These numbers increased through community-based education program.   In addition, World Neighbors trained the villages in making “tippy taps” – simple low-cost technology used for handwashing in areas where water is scarce.  Jerry cans, which are hung with rope mounted on a simple bamboo structure, are operated with a foot pedal causing it to tip and release enough water for handwashing.   Near the tippy tap is a soap container.  Provision of a cleaning agent and education about the importance of handwashing is critical to the success of these inexpensive and easily installed public handwashing stations.

Before the program began, many of the rural water system networks had disintegrating pipes which no longer functioned.  In other areas, there was no piping system at all.  Both these situations meant that people fetching the water were forced to collect it from its source – the spring itself.  But through the program, new networks have been installed, while existing ones have been repaired with multiple tap stands spread throughout the village.  This means that people have to travel far less distance, and there less people queuing per access-point, making it much easier to implement social distancing.

 Increasing economic resilience is also critically important at this time.  Almost everyone in Oecusse’s rural communities are subsistence dryland farmers.  They have little access to formal banking systems and are unable to access capital easily during times of exceptional need, as will occur if the current emergency period continues for a significant amount of time.

In most of the villages in which the program operates, residents have established community-based saving and credit groups.   Villagers contribute small amounts to the group and take out small loans, at nominal interest.  Members are trained in literacy and basic bookkeeping skills.  In normal times, these loans are used to pay for their children’s school fees, or make small improvements on their homes.  During this COVID-19 emergency, they could be used for more immediate needs.   This “micro safety net” is essential given the government’s limited budget and reduced ability to borrow and spend compared to how governments of developed nations can react to counter economic shocks.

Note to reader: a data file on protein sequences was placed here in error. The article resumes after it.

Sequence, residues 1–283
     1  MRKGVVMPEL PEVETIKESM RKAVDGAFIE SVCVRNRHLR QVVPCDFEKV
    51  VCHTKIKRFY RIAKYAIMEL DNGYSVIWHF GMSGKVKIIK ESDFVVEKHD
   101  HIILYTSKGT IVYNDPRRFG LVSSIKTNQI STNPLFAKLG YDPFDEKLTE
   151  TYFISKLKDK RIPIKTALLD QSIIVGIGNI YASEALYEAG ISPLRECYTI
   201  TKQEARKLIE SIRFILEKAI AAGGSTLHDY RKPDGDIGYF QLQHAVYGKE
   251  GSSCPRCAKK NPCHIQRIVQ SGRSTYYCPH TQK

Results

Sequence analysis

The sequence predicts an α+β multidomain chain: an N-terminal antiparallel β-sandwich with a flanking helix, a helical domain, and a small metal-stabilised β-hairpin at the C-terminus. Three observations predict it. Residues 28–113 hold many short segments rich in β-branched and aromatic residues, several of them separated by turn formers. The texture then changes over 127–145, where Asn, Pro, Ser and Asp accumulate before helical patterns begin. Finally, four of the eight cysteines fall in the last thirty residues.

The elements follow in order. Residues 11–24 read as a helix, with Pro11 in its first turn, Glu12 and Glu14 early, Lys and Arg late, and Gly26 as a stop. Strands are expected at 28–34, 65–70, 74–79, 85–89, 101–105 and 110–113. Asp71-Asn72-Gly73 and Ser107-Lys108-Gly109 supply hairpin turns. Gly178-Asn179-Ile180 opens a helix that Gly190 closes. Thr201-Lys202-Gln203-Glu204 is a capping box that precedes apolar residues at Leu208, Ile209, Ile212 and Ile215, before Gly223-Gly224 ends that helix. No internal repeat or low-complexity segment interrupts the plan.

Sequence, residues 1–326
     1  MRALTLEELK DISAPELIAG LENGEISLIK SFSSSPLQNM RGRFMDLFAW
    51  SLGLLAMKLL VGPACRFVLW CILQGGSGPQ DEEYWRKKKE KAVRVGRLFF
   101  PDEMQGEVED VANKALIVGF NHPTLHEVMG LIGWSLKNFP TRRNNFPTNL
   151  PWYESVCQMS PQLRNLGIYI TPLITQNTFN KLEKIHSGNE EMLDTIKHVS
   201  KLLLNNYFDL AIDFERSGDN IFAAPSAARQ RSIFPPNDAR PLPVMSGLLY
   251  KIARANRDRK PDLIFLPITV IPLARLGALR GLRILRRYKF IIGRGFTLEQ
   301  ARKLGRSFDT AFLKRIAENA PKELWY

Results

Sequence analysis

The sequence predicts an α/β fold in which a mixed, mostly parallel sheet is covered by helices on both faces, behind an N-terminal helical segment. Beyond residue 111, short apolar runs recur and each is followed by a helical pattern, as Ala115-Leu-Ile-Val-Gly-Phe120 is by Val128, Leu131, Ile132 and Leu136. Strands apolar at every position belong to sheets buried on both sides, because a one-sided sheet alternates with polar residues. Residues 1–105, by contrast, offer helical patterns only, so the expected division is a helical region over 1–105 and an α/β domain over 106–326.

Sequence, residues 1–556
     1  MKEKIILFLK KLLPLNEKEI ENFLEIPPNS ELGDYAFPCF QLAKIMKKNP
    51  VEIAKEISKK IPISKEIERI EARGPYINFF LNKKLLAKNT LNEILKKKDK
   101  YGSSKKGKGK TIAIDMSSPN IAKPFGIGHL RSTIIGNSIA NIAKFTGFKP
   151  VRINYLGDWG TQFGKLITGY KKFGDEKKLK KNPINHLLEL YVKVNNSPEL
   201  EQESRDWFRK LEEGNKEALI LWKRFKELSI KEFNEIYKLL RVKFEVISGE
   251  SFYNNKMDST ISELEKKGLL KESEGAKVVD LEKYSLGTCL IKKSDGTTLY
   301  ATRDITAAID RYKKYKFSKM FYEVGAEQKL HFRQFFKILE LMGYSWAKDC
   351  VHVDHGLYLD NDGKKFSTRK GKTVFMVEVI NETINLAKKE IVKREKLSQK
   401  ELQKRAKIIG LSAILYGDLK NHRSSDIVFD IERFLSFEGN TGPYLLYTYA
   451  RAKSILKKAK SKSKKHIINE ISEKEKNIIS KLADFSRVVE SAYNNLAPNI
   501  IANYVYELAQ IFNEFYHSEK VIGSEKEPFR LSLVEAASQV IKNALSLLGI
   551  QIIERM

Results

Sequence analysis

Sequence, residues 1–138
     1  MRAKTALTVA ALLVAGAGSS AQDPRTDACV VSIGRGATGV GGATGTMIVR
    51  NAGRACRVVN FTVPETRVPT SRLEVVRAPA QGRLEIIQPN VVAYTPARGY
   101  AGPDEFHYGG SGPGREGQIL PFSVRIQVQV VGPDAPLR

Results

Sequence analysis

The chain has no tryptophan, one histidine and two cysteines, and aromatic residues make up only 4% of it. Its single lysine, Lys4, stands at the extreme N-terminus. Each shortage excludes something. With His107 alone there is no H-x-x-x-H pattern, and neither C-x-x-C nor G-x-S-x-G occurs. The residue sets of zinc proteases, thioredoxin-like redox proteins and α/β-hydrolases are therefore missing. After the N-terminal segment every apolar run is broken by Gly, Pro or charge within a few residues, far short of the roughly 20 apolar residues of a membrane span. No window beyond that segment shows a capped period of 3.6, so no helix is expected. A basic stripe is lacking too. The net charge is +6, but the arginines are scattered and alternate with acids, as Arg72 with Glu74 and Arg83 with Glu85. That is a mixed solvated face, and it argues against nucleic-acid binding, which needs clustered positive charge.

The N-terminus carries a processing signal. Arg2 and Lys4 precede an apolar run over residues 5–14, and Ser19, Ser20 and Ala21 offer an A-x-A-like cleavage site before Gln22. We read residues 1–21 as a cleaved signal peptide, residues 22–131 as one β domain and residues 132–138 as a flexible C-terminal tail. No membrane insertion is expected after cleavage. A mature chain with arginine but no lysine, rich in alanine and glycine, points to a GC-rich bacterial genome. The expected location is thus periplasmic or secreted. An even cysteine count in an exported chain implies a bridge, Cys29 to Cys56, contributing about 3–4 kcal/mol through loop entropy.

Finally, because the program has increased access to water, vegetable gardens have been created near the waterpoints.  This has greatly increased the nutritional intake of households compared to the very basic diet of maize, rice and other local staple foods normally consumed by rural communities in the region.  This has improved people’s health and their immune systems – again a very important preventative measure against COVID-19.

A coronavirus outbreak in Timor-Leste would almost certainly be devastating.   But residents in many villages are in a better position to face it than they would have been without these investments in water-focused climate-change resilience projects.  This approach also illustrates the advantages for development organizations of using a more holistic approach to development, rather than the more narrowly defined thematic or sectoral approach still used by many.  This connection between improving climate change resilience and virus resilience provides a lesson for how all nations can better prepare for the next global shock.

This article is made possible by the generous support of the American people through the United States Agency for International Development (USAID). The contents are the responsibility of World Neighbors and do not necessarily reflect the views of USAID or the United States Government.